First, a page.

I’ve finally done the rules talk with everyone. I need to adjust some of my lessons since not everyone is doing the same thing each week. I found and downloaded the ebook “The Reluctant Disciplinarian”. I really want to make this the year when I’m in control of my classroom. Teaching really shouldn’t feel like going into battle. Obviously, I’ll need to adjust some of the advice given that I am not fluent in Chinese nor are my students fluent in English but I did come away with some key thoughts.
In particular, I’ve thought about the need to be in charge. Teachers need to have high expectations and this book reminded me that students in turn have expectations of me. Students will test you and want you to pass the test. In light of this, some behaviors I’ve observed make complete sense. That’s why a student who quietly motions for me to count down or to take class points one week is pumping air into a water bottle with a bicycle pump on another day. I used to think “They have their days because they’re kids” but that’s only part of it. They need me to be that authoritative presence. They know that discipline is part of the job. They expect it. I’ve also tried to do a little more of what “real teachers” do to set those expectations better than I did last year. I gave my students homework. A small assignment, but I wanted to set that precedent now. Everyone who had their nametags and brought a notebook received a stamp, which in turn encouraged everyone to bring notebooks. I’m not sure everyone actually bought one, but things definitely changed when I and checked in to see who was taking notes. Things were more focused, quieter, more like what I expected from students. I suppose there is truth to the idea that while I am free to be the fun teacher, I still need to make it clear that I have the same expectations other teachers do. Students don’t openly say it’s for the better, but I sense a change. Maybe I’ve finally earned some respect. One of my classes got a C, then a D. They weren’t happy, but no one argued with me. I asked their other English teacher if I could watch her at work she mentioned that they’re tough for her too. She frequently walks away mad because of the noise. I’ll take notes on how she handles discipline. It would be good to identify a head teacher and observe his/her class too. Even if they are not an English teacher, head teachers are responsible for class discipline.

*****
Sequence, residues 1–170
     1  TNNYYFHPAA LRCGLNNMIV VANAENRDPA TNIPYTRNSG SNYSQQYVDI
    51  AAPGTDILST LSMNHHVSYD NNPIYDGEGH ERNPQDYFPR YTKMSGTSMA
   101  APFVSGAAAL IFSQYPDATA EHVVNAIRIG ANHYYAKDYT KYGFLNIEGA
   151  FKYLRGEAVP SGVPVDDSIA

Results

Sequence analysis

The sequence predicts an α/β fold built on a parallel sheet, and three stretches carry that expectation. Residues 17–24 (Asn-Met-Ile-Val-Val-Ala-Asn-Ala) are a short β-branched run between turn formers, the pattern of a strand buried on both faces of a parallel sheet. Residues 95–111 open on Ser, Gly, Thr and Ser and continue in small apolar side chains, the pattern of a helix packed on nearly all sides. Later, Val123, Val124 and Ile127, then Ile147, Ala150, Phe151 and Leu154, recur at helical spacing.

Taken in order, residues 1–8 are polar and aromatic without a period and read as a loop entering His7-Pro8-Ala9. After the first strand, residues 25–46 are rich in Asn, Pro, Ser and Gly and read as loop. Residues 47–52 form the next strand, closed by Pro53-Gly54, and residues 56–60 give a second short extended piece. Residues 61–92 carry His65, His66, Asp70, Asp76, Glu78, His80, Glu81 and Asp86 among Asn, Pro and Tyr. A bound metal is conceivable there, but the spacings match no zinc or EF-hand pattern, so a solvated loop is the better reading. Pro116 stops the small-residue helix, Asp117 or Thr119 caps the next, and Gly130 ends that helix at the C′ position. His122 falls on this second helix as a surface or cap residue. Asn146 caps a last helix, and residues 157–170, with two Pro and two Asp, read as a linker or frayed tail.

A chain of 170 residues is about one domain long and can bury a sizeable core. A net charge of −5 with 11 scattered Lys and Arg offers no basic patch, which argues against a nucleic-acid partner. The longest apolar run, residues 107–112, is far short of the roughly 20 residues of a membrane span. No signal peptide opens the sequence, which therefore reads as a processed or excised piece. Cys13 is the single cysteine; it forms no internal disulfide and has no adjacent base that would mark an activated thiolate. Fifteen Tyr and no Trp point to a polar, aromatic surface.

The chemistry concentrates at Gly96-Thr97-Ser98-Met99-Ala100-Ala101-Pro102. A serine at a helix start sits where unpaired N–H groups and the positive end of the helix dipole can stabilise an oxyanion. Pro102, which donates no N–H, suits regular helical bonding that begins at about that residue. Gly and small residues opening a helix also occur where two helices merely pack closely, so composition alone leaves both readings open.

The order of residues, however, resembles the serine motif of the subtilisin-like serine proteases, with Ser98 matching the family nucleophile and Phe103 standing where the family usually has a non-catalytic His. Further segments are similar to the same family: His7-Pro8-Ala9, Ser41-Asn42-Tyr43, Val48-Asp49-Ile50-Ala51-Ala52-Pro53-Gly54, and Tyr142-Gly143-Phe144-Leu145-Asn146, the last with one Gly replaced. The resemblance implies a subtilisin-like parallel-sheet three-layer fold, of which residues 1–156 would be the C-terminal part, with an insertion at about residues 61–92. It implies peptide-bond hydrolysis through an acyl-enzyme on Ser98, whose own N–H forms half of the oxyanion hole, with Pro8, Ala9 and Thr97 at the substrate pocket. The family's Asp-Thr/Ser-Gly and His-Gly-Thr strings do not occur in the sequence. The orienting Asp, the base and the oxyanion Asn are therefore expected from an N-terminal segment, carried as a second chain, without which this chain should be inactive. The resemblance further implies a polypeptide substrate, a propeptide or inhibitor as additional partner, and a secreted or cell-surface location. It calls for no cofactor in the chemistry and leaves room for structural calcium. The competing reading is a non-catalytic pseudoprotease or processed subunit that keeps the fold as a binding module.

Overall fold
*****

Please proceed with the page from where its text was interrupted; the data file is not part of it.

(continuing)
“The Reluctant Disciplinarian” gave me no miracles but it reminded me of what I can do and need to do. I do not have the fresh start now that Rubinstein did, but I do get the pleasure of seeing how both my students and myself change over two years.
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